10/02/2006 11:00PM

Henny Hughes has McLaughlin upbeat


ELMONT, N.Y. - The disappointment trainer Kiaran McLaughlin may feel about not being able to run Invasor in Saturday's $750,000 Jockey Club Gold Cup is counteracted by his enthusiasm about being able to run Henny Hughes in the $400,000 Vosburgh Stakes the same day.

Invasor contracted a fever last Thursday, and though he returned to the main track for a jog on Tuesday morning, he missed enough training time to force him out of the Gold Cup and a meeting with leading 3-year-old Bernardini.

On the other hand, Henny Hughes has not missed a beat since returning to McLaughlin's barn in April. With powerhouse victories in the Jersey Shore Breeders' Cup and Grade 1 King's Bishop on his resume and a steady work tab the last month, Henny Hughes is ready to meet defending BC Sprint winner and Belmont Park lover Silver Train in the six-furlong Vosburgh.

"No doubt we have a very, very good horse," McLaughlin said Tuesday morning. "We are very happy with Henny Hughes. We feel like we are going over there with the horse to beat."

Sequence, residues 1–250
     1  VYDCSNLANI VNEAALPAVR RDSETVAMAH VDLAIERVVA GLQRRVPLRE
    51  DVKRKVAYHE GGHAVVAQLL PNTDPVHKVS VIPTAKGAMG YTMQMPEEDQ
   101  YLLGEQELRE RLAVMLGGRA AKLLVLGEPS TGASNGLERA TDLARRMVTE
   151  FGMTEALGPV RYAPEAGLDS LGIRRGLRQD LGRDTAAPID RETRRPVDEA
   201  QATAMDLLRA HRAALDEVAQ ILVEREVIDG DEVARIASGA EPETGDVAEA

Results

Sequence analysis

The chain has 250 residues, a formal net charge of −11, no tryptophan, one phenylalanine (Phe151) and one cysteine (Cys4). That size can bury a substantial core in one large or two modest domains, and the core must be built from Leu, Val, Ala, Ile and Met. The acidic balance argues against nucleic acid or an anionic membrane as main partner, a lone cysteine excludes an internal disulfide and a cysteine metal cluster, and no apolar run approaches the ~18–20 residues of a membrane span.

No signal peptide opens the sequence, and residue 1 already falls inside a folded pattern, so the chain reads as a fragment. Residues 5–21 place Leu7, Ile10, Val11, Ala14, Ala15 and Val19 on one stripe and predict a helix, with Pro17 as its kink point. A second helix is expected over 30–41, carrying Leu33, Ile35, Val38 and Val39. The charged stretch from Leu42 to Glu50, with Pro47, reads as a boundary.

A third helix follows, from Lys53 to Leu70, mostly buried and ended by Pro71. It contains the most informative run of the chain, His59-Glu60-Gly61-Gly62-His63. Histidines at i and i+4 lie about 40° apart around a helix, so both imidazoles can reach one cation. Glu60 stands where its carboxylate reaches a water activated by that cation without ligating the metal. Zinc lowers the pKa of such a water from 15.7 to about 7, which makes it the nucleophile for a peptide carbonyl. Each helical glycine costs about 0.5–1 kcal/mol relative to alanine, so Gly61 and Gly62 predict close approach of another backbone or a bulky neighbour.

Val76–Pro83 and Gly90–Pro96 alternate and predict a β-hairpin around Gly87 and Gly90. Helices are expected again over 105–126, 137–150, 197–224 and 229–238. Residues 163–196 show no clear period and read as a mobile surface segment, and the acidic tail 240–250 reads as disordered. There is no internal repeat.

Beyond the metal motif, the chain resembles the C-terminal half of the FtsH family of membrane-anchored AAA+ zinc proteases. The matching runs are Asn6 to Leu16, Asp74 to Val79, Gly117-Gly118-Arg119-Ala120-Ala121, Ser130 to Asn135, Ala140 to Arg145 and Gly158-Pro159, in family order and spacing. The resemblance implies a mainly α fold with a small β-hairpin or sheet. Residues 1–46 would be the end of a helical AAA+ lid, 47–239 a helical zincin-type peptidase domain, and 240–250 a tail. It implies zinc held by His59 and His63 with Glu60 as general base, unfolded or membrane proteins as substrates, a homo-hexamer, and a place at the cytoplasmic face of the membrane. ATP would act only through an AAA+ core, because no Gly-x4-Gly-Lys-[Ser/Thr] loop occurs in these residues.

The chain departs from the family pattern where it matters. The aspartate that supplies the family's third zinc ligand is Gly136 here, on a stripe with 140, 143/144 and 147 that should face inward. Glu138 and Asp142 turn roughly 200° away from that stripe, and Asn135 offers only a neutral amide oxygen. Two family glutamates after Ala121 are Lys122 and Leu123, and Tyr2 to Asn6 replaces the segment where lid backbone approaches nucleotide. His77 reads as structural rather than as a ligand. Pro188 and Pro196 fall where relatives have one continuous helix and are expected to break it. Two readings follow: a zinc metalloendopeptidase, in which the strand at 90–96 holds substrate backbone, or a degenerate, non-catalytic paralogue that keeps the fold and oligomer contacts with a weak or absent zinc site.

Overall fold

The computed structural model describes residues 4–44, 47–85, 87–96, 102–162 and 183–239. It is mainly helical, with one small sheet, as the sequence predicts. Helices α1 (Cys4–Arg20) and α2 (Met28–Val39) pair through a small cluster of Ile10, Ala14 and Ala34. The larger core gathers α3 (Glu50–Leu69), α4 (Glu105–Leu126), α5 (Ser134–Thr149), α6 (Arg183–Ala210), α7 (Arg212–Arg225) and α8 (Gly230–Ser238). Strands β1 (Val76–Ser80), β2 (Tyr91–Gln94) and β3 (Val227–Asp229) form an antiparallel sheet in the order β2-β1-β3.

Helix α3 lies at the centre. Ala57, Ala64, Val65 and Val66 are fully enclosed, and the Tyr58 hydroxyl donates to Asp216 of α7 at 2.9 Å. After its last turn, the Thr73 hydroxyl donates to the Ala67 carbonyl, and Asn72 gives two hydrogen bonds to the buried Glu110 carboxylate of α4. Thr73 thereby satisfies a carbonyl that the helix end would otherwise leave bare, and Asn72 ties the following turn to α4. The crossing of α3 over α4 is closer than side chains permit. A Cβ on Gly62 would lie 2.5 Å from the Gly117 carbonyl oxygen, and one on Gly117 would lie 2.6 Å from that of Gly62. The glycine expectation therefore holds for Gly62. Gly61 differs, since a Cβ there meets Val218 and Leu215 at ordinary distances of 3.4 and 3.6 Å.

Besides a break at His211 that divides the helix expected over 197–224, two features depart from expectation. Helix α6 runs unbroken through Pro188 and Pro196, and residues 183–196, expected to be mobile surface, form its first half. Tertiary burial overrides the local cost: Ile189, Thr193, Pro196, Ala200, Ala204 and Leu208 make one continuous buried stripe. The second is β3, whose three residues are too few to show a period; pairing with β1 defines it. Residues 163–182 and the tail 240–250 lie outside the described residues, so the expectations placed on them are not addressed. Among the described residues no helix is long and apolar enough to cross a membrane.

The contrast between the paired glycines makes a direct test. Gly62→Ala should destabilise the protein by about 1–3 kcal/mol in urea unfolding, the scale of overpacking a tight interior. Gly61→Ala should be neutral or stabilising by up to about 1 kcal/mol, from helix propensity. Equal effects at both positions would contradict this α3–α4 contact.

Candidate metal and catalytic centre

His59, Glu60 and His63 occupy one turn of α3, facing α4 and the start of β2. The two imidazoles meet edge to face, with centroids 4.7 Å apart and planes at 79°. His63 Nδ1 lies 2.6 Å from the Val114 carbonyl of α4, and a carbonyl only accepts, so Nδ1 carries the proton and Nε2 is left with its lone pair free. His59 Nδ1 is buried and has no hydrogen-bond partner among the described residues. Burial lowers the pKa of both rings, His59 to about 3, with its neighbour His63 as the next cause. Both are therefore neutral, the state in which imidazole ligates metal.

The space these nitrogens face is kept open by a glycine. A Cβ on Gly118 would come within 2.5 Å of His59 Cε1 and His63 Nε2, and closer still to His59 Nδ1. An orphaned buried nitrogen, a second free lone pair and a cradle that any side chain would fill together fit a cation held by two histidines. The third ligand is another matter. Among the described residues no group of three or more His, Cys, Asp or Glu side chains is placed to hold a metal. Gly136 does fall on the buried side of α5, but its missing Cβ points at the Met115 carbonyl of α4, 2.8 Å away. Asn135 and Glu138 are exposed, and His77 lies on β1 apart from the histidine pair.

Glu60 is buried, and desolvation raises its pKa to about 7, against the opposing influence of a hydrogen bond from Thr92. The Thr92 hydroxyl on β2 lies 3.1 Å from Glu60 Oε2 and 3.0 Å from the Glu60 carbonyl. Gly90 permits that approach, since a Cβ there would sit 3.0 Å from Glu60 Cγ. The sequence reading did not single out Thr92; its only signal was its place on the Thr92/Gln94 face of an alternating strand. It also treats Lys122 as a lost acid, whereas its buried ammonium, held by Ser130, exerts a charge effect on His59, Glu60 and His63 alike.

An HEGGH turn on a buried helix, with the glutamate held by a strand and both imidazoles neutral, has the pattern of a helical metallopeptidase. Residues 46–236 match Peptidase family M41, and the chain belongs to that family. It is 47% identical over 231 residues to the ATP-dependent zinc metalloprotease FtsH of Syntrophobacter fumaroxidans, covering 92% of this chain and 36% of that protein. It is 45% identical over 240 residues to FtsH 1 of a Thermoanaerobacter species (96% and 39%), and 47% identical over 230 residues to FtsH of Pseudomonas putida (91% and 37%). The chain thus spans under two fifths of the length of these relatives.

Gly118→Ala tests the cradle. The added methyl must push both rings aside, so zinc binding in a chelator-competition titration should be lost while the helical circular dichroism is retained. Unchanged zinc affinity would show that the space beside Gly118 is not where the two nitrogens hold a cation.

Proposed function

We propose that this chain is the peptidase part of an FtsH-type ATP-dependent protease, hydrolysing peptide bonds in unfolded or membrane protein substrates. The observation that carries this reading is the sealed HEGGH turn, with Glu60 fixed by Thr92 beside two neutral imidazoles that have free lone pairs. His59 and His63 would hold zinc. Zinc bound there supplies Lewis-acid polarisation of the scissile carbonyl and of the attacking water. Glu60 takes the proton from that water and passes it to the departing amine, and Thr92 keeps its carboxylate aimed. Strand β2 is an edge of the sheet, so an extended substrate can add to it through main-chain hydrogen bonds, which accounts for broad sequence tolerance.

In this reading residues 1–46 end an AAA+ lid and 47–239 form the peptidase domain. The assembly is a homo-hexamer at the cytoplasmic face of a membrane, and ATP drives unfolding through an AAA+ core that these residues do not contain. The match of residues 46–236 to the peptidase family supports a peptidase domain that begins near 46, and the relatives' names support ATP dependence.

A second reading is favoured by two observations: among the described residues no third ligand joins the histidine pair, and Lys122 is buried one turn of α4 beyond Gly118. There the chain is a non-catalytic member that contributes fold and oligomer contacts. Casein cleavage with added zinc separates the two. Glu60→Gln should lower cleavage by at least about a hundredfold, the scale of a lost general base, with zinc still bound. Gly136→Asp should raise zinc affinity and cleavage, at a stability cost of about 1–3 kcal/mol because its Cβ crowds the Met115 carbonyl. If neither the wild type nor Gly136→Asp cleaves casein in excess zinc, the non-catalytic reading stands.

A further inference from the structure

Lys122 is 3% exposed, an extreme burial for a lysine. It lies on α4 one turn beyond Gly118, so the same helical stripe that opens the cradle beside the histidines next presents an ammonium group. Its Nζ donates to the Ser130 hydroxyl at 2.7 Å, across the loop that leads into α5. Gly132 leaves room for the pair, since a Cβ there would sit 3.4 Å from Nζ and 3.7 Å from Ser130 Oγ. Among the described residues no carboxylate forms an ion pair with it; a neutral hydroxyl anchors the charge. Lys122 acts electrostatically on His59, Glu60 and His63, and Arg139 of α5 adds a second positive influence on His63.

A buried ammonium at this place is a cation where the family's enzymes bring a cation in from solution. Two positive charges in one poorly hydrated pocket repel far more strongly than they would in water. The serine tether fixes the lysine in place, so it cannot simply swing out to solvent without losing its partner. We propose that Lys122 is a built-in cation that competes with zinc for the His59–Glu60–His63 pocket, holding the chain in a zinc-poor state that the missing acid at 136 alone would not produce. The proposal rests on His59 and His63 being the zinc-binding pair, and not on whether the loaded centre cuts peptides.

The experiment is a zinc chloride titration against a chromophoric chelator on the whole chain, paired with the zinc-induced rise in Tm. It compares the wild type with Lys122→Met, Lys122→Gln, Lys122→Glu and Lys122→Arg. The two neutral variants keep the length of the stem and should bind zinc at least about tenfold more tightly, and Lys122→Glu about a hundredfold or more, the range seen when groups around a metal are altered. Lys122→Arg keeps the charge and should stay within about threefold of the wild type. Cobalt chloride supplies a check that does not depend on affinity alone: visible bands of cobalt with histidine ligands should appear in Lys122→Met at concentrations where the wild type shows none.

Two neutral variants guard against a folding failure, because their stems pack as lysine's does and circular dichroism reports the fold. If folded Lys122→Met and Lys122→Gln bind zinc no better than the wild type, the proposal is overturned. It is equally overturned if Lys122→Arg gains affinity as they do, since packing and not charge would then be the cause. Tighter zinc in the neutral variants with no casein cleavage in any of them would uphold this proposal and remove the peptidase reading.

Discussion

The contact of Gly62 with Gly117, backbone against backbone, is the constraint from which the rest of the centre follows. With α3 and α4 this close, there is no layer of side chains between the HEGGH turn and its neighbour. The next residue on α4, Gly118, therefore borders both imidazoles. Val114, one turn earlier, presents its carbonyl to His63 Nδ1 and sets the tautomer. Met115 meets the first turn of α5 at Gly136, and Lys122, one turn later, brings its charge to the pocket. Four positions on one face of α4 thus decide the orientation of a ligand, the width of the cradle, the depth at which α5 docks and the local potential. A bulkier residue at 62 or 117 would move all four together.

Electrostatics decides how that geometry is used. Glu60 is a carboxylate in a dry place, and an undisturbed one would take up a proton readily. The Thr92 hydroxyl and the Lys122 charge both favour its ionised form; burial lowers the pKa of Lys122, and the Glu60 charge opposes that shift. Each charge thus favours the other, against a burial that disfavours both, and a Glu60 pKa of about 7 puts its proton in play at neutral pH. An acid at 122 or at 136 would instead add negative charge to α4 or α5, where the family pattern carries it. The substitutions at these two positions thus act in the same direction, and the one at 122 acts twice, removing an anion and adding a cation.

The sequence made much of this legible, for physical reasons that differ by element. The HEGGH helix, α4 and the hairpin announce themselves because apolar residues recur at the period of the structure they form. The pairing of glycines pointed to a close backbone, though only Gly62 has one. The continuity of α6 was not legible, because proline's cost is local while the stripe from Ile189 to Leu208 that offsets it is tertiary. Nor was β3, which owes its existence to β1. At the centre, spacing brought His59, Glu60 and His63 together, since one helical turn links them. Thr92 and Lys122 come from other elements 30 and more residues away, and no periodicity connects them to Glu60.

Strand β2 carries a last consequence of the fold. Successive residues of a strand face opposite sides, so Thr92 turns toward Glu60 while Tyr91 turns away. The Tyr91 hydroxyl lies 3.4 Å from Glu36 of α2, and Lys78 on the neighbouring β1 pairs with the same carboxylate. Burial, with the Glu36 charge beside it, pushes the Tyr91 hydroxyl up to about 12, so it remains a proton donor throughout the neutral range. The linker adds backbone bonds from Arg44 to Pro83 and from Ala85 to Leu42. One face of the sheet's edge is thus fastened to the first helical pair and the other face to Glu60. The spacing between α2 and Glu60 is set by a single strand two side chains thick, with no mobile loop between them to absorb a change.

McLaughlin said he is not as confident entering the Vosburgh as he was going into the King's Bishop, only because it will be the first time Henny Hughes meets older horses such as Silver Train, War Front, Attila's Storm, and Who's the Cowboy.

"No, I'm not as confident," McLaughlin said. "Although the horse is doing great, I have a lot of respect for the older horses. You always have to respect the older horses when you meet them for the first time as a 3-year-old."

Though Henny Hughes worked four furlongs in 46.65 seconds last Saturday, his two previous works were significantly slower.

"I do it more for soundness reasons," McLaughlin said. "We don't want him to work in 46 every week or we're going to come up with a problem. He'll go in 46 or 52 but there's not much in between."

Round Pond set for Belmont return

The last time Round Pond raced at Belmont Park, she won the Grade 1 Acorn, beating subsequent 3-year-old champion Smuggler in the process. That was 16 months and one trainer ago.